Wednesday, January 17, 2018

Some Thoughts Should Be Kept Close to the ScotteVest (sic)

Scott Jordan is an entrepreneur who developed a line of clothing which allows for fashionably carrying gadgets within the garments.  Jordan even went on ABC's Shark Tank in 2012 in a bid to raise funds for his technology enabled clothing (but Jordan  rejected the the offers). 

ScotteVest snowballed into a $10 million company by 2015.

ScotteVest's pricey e-commerce product line  were often seen advertised on Fox News, presumably to appeal to geeky traveling businessmen who tired of fumbling gadgets when they went through TSA lines.

ScotteVest CEO Scott Jordan may have unraveled this fashion market niche by oversharing on social media.  Scott Jordan had developed a reputation of being an outspoken CEO on social media, pumping products and pimping his progressive politics. However Jordan recently shared on Facebook a smarmy post which revealed marketing strategy while denigrating his customers.

While one could certainly see a small time celebutard who is full of himself to contemptuously sneer at the little people on whom you've made your millions while taking  a chair lift in Ketchum ski resort.  But it is almost unfathomable that he would share this "burn" on social media. It really makes one wonder, to use Jordan's parlance, who is the "f**king idiot?

After Jordan's Facebook faux-pas festered for a few days, the ScotteVest CEO posted an incomplete apology on Twitter, which linked to the original Facebook post. Unfortunately, the Facebook post had been deleted.  

No doubt that this story certainly won't make ScotteVest's media buzz page. But the internet never forgets. The question is whether ScotteVest's customers will be willing to forget that they are considered to be gullible f**king idiots" by the guy profiting from their sales.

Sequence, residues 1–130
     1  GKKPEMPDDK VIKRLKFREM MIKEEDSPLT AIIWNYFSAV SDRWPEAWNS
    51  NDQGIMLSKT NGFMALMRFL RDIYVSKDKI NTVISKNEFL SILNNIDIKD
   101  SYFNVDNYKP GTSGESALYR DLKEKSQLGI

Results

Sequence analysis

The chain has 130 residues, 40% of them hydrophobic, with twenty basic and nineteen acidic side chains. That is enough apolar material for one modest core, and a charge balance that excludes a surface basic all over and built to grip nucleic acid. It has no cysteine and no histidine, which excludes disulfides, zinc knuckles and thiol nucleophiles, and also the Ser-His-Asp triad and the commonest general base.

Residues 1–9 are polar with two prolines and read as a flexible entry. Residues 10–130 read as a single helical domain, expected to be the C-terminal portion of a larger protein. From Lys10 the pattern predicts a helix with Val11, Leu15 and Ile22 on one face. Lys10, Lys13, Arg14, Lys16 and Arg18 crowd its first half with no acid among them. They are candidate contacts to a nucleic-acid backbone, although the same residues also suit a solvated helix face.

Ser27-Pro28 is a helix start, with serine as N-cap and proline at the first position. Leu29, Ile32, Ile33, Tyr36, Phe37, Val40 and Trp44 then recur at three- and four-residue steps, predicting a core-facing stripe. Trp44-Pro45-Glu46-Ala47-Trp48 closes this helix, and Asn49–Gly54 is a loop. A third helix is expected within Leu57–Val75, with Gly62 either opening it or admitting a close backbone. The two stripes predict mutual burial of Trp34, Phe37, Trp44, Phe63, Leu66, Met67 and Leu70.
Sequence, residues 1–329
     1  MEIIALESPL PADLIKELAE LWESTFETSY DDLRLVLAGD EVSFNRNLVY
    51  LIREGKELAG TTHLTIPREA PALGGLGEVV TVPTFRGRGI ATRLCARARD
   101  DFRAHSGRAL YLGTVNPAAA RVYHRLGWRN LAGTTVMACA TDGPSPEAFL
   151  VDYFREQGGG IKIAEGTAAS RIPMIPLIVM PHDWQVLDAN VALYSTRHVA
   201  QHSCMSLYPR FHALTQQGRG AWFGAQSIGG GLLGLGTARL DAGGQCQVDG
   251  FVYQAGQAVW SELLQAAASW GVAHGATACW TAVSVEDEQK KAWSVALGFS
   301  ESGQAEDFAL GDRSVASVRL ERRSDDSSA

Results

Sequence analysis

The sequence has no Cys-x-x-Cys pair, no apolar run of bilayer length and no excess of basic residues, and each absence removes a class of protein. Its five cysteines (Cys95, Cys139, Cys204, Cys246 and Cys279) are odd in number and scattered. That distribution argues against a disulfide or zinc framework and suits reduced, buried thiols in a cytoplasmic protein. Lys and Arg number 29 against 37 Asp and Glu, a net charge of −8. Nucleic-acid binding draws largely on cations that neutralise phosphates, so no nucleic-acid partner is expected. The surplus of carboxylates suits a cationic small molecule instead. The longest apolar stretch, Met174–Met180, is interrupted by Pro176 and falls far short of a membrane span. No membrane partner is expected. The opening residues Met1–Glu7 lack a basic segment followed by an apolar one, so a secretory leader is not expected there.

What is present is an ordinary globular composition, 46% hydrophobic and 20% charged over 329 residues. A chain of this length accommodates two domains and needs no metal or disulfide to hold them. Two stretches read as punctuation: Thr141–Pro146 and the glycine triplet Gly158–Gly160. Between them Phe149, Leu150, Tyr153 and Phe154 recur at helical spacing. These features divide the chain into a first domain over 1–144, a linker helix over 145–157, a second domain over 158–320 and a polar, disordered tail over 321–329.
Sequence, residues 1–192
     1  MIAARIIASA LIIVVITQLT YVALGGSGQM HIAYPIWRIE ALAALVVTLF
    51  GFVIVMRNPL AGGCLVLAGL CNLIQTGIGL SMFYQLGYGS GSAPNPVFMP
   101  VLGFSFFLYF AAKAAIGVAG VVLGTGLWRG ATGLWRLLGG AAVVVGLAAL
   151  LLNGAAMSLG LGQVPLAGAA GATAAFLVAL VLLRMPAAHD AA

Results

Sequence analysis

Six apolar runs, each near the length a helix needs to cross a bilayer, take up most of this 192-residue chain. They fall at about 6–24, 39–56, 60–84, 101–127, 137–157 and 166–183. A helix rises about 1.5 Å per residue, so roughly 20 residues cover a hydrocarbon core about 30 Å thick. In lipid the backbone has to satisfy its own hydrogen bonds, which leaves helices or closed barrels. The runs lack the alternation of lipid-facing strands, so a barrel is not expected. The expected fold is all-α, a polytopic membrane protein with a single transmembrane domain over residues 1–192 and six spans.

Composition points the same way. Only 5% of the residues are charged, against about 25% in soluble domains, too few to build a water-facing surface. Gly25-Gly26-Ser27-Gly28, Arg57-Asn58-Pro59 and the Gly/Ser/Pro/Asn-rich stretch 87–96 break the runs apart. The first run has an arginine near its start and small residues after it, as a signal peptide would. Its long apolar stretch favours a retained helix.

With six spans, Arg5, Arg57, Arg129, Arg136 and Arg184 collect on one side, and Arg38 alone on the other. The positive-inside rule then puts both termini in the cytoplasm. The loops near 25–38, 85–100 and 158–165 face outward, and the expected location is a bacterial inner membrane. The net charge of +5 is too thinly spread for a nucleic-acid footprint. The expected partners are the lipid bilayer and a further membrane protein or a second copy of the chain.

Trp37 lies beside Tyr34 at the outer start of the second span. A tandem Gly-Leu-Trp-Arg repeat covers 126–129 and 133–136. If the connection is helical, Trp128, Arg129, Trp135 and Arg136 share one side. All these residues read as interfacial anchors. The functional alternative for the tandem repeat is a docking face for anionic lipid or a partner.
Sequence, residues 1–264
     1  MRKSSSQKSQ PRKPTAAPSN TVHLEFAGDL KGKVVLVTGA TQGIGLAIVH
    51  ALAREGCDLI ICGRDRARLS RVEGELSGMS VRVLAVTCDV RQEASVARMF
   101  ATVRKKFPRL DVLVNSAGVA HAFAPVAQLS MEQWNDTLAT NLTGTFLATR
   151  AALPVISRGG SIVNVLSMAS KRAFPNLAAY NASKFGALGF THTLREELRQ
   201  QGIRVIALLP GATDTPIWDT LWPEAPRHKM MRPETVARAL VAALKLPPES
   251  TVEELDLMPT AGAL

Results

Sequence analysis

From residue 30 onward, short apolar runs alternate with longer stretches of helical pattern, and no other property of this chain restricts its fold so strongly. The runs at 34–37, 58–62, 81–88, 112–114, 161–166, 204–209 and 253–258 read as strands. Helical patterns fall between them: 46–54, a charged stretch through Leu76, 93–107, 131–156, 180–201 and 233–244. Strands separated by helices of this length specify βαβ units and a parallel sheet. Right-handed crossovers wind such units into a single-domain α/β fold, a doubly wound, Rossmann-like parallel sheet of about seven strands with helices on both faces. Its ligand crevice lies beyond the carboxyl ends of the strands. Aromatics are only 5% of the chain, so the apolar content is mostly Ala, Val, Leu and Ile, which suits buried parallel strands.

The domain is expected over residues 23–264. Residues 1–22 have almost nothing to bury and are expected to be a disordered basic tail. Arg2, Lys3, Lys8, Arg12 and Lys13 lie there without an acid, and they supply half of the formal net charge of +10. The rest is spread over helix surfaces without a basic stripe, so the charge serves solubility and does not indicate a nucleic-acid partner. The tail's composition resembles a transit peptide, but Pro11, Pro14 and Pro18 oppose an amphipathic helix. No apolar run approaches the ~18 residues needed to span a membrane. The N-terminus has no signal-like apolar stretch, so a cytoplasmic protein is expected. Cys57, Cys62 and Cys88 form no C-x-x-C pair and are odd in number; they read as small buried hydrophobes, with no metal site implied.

Social Media is a wonderful way for companies to reach customers. One need not be "Always Be Closing" when sharing on social media and genuineness is a way to cement bonds with fickle customers of an expensive, niche products.  But denigrating the demographic which lined one's pockets is an odd way to reach out to customers.  A smart CEO would have kept his crass critiques of customers closer to his ScotteVest. 

Enjoy your  après-ski canapés and hope that your cup is not forever full of sour grapes. 

Knob Hill Ski Lodge, Ketchum, Idaho 

Friday, January 27, 2017

Gabbing about the Capricious Cupertino Walled Garden of Apple

GAB CEO Andrew Torba on Apple App Vetting

Gab is a new micoblogging site which was started in the summer of 2016 as conservative voices experienced cyber-censorship about content from social media giants such as Facebook and Twitter.  Gab wants to create a cyber community which users can speak freely and exercise their own judgment to filter content. 

Gab started with a beta platform geared towards personal computers.  However, since the growth in social media is associated with mobile internet applications, Gab has sought to get approval from Apple to have their app approved to be available in Apple app store.

Because Gab encourages members to #SpeakFreely, they do not want to censor content created by Gab users, as long it conforms to US law and the Constitution regarding obscenity and pornography.  In rare instances, the Gab platform would allow for legal pornography as long as it was tagged #NSFW (not safe for work).  But this loophole created the first objection for the Apple App Review team.  To resolve this, Gab linked their EULA agreement, albeit outside of the app.  The allowed for the second rejection, which was easily abated. 

What has raised eyebrows is the tardy and hypocritical third rejection by the app team. Ordinarily, apps are evaluated within 24 hours.  For Gab's third app submission, it took 17 days. In addition, it was rejected on the grounds that "We found references to religion, race, gender, sexual orientation, or other targeted groups that could be offensive to many users."

So Gab is supposed to play nanny to user epithets and ideas which an aggrieved internet denizen could find offensive.  But Gab allows its users to filter out content which they do not want to see, but the powers that be in Cupertino do not want their i-Phone/i-Pad users to be scandalized by material in Gab (which they could filter out themselves).  

Is the same stringent Cupertino standard applied to Madonna's post Women's March musings?  

Wonder why?  Is Twitter going to have their app taken away for the rude ravings of an aged Material Girl who creates controversy on social media to seem contemporary?